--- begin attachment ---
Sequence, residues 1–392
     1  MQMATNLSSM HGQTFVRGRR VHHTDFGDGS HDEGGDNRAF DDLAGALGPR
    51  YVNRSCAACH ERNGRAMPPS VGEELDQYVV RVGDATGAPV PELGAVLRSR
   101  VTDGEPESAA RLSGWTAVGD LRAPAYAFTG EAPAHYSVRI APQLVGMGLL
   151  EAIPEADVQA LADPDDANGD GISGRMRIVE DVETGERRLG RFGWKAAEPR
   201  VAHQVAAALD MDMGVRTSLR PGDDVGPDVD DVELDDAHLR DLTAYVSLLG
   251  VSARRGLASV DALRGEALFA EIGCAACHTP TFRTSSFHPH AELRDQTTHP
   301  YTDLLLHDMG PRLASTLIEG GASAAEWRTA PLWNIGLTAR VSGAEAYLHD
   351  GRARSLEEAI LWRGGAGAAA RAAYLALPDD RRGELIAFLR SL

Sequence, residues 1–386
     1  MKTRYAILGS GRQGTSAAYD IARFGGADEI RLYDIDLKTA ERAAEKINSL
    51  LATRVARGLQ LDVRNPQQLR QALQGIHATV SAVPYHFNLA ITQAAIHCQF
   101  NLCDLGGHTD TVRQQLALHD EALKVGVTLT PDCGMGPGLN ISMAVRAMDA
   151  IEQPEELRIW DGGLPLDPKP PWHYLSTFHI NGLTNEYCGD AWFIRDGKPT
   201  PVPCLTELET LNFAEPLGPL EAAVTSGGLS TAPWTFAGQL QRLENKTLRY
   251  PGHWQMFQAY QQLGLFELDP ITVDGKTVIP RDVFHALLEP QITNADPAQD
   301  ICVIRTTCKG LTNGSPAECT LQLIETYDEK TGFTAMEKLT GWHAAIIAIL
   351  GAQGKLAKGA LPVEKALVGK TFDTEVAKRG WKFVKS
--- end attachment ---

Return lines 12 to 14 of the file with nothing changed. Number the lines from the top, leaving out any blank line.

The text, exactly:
    51  LATRVARGLQ LDVRNPQQLR QALQGIHATV SAVPYHFNLA ITQAAIHCQF
   101  NLCDLGGHTD TVRQQLALHD EALKVGVTLT PDCGMGPGLN ISMAVRAMDA
   151  IEQPEELRIW DGGLPLDPKP PWHYLSTFHI NGLTNEYCGD AWFIRDGKPT